Book One in the CUSA series
(C) 2017 Adam Cole
Published by Nuncici Press, an imprint of Adam Cole Works LLC
“Where are we?”
His voice croaked out of the darkness like the cry of a deep throated frog.
“Firoz!” she answered, just because she didn’t have anything else to say to him.
“Who are you?”
“I’m Rosa. Firoz, you followed me out here.”
He didn’t answer. She heard him grunt.
“I’m a girl!” she shouted, and she regretted it because it echoed through the hills.
“I only need the Body and Blood,” he said to his hallucination.
“I don’t have any,” she said.
“That’s a lie,” he said. “I know you have some in that bag of yours.”
“You crazy,” she said. She had no idea what else to tell him.
“Why do they take the Body and Blood?” he asked her, softly.
She was getting scared. It was like he was accusing her of something. Quietly, she said, “You said they take them because the drugs teach them a lesson.”
Firoz’s eyes opened wide. “That’s right!” he said.
She hesitated because she didn’t know what else he was going to say or do. When he didn’t say anything, Rosa asked what she had been dying to ask him since he had told her that.
“What’s the lesson?”
He answered her immediately, like he’d been waiting for the question a long time. “The drugs make everything backwards. You see from the outside looking in.”
He was silent again. “That’s weird,” she finally said, shrugging.
“Yes,” he agreed. “And it’s really weird because you find out in CUSA that everything makes sense only when it’s backwards.” She didn’t understand what that meant, but he kept talking before she could ask him another question. “The economy doesn’t support us. We live to support the economy. Backwards. I find something that conflicts with what I already believe, and so I decide that it must be wrong. Backwards.”
He stopped. He swallowed hard, and she saw his Adam’s apple drop.
“A million people die so that I can live. Backwards.”
“What are you talking about?” Rosa asked him.
“But I didn’t kill a million people.” He looked straight at her. “Angel? Did you hear me? I didn’t kill them.”
He was scaring her again. She didn’t notice her own tears until they were dripping down her cheeks. “Look, Firoz,” she said. “Stop, okay? We going to be okay, right?”
But he was just like all the other adults, just in his own drug way. He just kept on saying what he’d always said, only louder and louder, turning away. “Did you? Did you hear me, angel?”
“Why are you calling me that?” she demanded. She was getting tired of hearing him. Tired of looking at him, breathing in his pukey smell.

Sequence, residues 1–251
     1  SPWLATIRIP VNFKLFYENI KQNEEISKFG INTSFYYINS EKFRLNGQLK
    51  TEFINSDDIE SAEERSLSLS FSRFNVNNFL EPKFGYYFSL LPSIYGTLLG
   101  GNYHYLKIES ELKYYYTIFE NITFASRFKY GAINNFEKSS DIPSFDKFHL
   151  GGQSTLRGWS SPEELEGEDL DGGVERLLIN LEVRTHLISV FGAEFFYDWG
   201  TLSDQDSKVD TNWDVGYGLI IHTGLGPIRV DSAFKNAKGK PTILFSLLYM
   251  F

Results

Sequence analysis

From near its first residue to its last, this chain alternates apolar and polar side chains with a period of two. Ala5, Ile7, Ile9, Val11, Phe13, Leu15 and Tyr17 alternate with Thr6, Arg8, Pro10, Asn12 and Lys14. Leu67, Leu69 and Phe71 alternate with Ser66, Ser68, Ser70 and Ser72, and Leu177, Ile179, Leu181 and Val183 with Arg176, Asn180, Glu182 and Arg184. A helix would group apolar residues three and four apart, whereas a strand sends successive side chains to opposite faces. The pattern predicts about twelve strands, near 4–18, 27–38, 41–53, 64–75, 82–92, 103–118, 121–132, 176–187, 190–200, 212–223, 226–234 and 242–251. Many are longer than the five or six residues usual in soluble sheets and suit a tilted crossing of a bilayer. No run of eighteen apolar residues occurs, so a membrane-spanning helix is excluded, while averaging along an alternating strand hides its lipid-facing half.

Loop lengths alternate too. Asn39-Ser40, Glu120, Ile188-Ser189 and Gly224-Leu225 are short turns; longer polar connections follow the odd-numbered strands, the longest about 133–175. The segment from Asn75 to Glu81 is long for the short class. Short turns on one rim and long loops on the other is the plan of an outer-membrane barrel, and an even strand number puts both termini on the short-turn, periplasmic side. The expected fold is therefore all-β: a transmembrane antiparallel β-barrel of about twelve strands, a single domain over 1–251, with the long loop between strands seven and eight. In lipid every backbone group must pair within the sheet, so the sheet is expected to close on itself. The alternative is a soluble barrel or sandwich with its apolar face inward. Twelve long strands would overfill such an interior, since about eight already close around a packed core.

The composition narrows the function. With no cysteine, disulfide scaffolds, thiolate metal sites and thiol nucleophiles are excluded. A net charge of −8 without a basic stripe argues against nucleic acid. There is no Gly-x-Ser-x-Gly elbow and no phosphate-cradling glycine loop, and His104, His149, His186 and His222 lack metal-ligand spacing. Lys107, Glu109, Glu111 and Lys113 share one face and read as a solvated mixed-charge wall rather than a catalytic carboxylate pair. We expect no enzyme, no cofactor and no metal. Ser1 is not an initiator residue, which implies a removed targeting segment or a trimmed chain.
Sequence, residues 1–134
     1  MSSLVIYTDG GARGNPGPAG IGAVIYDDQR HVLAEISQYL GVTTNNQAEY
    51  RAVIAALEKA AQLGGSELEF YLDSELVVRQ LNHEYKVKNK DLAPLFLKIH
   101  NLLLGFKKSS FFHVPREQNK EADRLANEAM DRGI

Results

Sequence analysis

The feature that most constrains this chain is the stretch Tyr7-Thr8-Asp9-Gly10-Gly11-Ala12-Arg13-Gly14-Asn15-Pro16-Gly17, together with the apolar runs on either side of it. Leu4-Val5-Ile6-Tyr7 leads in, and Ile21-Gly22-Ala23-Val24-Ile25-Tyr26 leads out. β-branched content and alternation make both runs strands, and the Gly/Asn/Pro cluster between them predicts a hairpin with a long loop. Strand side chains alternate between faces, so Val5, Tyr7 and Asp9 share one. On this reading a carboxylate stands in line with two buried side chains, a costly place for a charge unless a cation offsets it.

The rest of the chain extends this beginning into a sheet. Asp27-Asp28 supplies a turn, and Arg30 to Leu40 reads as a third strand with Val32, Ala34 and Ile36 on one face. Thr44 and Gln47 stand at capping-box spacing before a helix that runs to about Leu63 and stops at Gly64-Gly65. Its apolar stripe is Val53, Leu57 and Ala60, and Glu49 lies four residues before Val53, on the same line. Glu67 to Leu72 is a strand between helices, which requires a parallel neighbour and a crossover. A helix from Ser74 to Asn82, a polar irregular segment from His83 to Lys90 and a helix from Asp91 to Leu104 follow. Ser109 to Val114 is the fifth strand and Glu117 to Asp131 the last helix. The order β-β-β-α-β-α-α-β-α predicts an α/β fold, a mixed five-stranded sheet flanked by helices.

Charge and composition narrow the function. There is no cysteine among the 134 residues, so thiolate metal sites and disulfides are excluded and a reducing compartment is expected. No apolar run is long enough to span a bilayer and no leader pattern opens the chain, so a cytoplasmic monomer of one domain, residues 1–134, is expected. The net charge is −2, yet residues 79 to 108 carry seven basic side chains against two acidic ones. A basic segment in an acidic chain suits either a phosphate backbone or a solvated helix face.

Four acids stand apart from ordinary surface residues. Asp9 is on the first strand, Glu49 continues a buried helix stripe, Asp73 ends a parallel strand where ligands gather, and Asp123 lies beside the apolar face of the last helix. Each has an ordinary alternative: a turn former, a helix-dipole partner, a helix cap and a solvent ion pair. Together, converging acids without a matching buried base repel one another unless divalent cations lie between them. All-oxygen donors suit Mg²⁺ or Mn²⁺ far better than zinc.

“Why do they have to die?” he wondered out loud.
“Shut up, Firoz!” He wasn’t paying her any attention at all, really. He didn’t look at her again. He didn’t cock his head like he had heard her. Just said the same thing again and again, like he wanted to shout it, but was afraid.
“Tell me why!”
“Who died, Firoz?” Rosa yelled, trying to be louder than him. She wanted him to say something else, anything else.
“Why do a million people have to die?”
She didn’t want to listen to him, or listen to her mother, or see her Daddy lying on the ground. She didn’t want to come out here on a bus and get nearly raped by some big greasy freak. She didn’t want to be in the middle of the woods with a drug addict who was coming down. She wanted to leave. She wanted to go home.
“It’s okay, Firoz,” she said to him. “Shut up!” But he had begun to shake and writhe on the ground.
His hands were on his ears. “Just tell me why!”
“Shut up, Firoz!”
“Tell me why, angel!!”
“I’ll tell you, Firoz! Okay?”
“I told you to tell me why!!!”
“I’ll tell you, Firoz, you chicope pinga! I’ll tell you!” She was starting to scream through her tears, not making any sense now. She didn’t know what she was going to tell Firoz. Her own voice was ragged, and it scared her how old it made her sound. That was okay. She didn’t care who could hear her anymore, or what was going to happen. Porter could go ahead and do what he liked to her, because it didn’t matter now. She didn’t have anything left to save. “I’ll tell! I’ll tell!” she wailed out loud.
It took her a minute to hear Firoz. She was too busy wiping her eyes, coughing snot. The addict was lying on the ground, looking up at her. His gooey eyes were bloodshot, and one of them was half closed. She imagined she could see herself in the reflection of that one eye. She was amazed by her appearance, bright, shining, like she was the moon itself.
“Don’t worry.” The voice came from behind her. She whirled around to face the person who owned it. Her hands were clenched in tiny rock-hard fists, and she would have tried to kill the man, if she hadn’t thought he was her Daddy.
He was the same height and the same shape. Rosa even said “Daddy” to him. But then she saw the gun, and she screamed.
More about Motherless Child
When Rosa’s mother loses her job with the Corporate United States, her family must flee or be killed in an employee purge. Taking the dangerous bus trip across the Unincorporated States, they are ambushed by bandits. Hopelessly separated from her family, Rosa is rescued by the people of Ascension, a small backwoods Virgilna town with a terrible secret.
Seventeen years in the making, Cole’s book about a girl trapped between two Americas serves as a reminder of what the United States has become, and what it still could be.
Adam Cole is an author and music educator in Atlanta, GA. He has written numerous books and stories for children, as well as a number of adult and non-fiction titles including The Girl With the Bow and Seven Ways the World Can End.
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